This text is part of Parks’ Historical Signs Project and can be found posted within the park.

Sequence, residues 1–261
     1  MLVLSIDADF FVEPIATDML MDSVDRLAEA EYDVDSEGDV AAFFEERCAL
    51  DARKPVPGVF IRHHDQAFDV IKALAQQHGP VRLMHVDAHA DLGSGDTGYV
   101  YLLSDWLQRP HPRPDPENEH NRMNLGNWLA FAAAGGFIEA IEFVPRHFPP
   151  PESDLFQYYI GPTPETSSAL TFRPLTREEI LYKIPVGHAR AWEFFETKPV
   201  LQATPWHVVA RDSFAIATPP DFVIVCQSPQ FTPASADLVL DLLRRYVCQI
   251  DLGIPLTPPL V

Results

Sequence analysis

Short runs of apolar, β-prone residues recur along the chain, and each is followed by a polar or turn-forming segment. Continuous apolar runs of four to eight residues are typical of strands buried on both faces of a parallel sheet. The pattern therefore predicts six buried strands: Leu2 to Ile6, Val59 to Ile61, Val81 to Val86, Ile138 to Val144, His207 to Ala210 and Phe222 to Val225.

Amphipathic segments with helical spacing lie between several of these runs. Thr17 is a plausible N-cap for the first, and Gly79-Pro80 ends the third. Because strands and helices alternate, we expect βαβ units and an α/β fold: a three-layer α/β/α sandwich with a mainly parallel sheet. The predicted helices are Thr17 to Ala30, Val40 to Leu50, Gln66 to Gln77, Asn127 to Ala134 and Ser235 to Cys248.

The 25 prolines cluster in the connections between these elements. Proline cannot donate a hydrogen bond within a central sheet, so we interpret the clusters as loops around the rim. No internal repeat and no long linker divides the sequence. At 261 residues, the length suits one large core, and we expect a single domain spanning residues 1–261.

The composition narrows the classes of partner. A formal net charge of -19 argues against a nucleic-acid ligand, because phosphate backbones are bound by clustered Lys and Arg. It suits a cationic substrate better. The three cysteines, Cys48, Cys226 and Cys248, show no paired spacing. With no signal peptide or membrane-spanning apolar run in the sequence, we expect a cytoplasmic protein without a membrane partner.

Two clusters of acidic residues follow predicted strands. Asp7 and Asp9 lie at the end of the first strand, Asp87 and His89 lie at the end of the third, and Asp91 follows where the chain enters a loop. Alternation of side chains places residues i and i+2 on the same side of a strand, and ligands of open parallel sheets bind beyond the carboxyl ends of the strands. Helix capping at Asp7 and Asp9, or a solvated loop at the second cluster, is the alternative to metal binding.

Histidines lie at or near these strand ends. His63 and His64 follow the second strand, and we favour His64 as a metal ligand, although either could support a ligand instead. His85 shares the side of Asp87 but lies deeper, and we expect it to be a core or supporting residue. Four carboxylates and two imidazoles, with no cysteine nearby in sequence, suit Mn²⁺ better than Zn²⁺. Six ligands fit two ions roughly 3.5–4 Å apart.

This parkland honors philanthropist and financier Jacob H. Schiff (1847-1920). Born to a middle-class Jewish family in Frankfurt, Germany, Schiff emigrated to the United States in 1865. Soon after his arrival in New York City, he found success as a Wall Street investment banker. In 1875, Schiff joined the banking firm of Kuhn, Loeb and Company. As a partner in the firm, and later as its senior partner, Schiff helped Kuhn, Loeb and Company to become one of the most prominent investment companies in the world, second only to J. P. Morgan. Conscious of the plight of many other Jewish immigrants, Schiff became involved in numerous charitable causes. In 1884, he helped found the Jewish Montefiore Home. Originally located on 84th Street and Avenue A (now York Avenue) in Manhattan, the hospital treated the chronically ill among the city’s poor. With Schiff as its second president and primary benefactor, the Jewish Montefiore Home rapidly expanded and later moved to its present location in the Bronx. Throughout the 1890’s, Schiff also financed the work of Lillian Wald and Mary Brewster. Wald and Brewster, two nurses, provided medical care to thousands of immigrants on the Lower East Side. With Schiff’s backing, they created the Henry Street Settlement in 1895. The settlement house offered food, shelter, and medical treatments for the poor, regardless of race, ethnicity, or religious beliefs. In addition to his charitable work for the poor and sick in New York, Schiff contributed to many educational institutions including Columbia University, Harvard University, Cornell University and Barnard College. Schiff also helped found the Jewish Theological Seminary in New York, and provided the funds for the establishment of the department of Semitic Literature at the New York Public Library. Five years after Schiff’s death, Harvard recognized his unstinting support of education by creating the first Jewish Studies department in the United States in his honor. In 1921, shortly after Schiff’s death, the Board of Aldermen named this parkland for him. Schiff Mall runs through the center of Delancey Street from the Bowery to the Williamsburg Bridge. Delancey Street is named after James de Lancey, a powerful New York political figure who served as Chief Justice of New York State’s Supreme Court and as Lieutenant Governor in the 1700s. The de Lancey family estate originally extended from the Bowery to the East River. The street now marks the northern boundary of the family’s former holdings. Once known as Schiff Parkway, Schiff Mall was part of Delancey Street until the Department of Transportation reconstructed the approaches to the Williamsburg Bridge and separated the mall from the street in 1998. For years, Schiff Mall, has served as a familiar piece of greenery for all those heading to Brooklyn over the Williamsburg Bridge. Parks recently sponsored renovations of this parkland as part of its joint initiative with the Department of Transportation, known as Greenstreets. The Greenstreets program plants trees and shrubs in some of the smaller city parks and squares. Improvements to Schiff Mall include the addition of new shrubbery and the rehabilitation of several trees.